Goods To Haiti

A nice feature in the Newark Star Ledger on a New Jersey priest spearheading a drive to collect and send excess liturgical items to Haiti.

Father Benedict Worry saw a television interview with a Haiti priest in T-shirt and khakis, a man who had lost his church, his vestments, and his liturgical supplies.

I thought, what would I do in that case, if I had to say Mass that Sunday in Port au Prince? I knew that in my church alone, I’m sitting on at least six chalices I can get rid of.

Father Worry contacted his archbishop, John J. Myers, who in turn sent a request for donations to all Newark archdiocesan clergy. Unused church supplies have been pouring in. Their estimated value is more than $200,000: vestments, chalices, and ciboria, as well as more decorative elements such as candlesticks and crucifixes.

Archbishop Bernardito Auza, the papal nuncio to Haiti, said that the Newark Archdiocese was the first to offer this kind of donation. From an e-mail to the Star Ledger:

The initiative of Fr. Benedict is certainly laudable. We hope that the priests of the damaged parish churches in Port-au-Prince could have them as soon as possible.

A friend of Father Worry’s was covering the cost of shipping these items, the first wave of which is hoped to be timed for the celebrations of Easter.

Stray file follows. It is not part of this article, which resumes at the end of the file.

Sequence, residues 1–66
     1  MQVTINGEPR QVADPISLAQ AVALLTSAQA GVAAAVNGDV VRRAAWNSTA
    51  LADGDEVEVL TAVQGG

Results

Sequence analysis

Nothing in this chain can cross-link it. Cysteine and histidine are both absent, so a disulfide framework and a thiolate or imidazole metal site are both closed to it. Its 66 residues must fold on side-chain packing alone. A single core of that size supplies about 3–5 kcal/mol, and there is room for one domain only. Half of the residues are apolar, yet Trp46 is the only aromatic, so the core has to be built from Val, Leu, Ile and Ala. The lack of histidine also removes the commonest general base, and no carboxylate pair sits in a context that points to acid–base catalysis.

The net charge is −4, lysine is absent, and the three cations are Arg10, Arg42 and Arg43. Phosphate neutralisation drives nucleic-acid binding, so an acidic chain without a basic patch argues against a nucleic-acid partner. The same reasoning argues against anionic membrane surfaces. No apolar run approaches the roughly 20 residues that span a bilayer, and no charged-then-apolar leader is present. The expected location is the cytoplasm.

About catholicsensibility

Todd lives in the Pacific Northwest, serving a Catholic parish as a lay minister.
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2 Responses to Goods To Haiti

  1. smf says:

    This is a very good idea.

    It seems there should be some orderly process for transferring excess church goods to more needy places (locally or internationally) in normal times, but it is all the more important after such devastation.

  2. Chase says:

    I may be a bit selfish here, but… I’ve known of parishes that have lost some incredibly historic items in similar efforts.

    Unbeknownst parishioners, an over-zealous pastor has given away the chalice that belonged to the parish’s first pastor, etc. It’s sad, really.

    Obviously, common sense would seem to be key… but unfortunately, that isn’t always the case.

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